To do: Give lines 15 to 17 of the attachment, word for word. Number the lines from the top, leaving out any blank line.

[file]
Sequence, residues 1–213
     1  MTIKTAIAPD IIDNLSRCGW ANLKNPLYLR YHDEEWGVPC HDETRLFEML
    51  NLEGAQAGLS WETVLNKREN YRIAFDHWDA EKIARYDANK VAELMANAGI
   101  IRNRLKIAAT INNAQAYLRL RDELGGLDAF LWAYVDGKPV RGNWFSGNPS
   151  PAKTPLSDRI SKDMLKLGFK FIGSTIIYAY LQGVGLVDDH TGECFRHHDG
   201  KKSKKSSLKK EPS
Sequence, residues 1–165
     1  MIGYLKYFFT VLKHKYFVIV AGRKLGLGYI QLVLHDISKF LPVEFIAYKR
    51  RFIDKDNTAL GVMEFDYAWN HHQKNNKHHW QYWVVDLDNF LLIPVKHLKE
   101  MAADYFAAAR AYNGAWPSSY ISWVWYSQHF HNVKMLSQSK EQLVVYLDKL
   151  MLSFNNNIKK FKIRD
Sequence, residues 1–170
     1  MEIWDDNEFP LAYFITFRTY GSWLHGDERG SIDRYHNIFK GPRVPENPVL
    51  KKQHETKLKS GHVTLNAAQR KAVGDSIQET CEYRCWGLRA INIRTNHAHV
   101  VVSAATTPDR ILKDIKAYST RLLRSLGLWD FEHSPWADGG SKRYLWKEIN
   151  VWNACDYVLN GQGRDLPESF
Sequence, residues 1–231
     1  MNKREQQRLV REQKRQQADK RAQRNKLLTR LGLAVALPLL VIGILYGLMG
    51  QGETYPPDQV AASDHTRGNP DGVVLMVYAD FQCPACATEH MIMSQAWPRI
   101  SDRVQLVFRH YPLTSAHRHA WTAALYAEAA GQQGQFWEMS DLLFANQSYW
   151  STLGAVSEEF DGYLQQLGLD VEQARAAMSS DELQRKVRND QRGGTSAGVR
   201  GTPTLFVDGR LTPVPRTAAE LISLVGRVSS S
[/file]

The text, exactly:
   101  VVSAATTPDR ILKDIKAYST RLLRSLGLWD FEHSPWADGG SKRYLWKEIN
   151  VWNACDYVLN GQGRDLPESF
Sequence, residues 1–231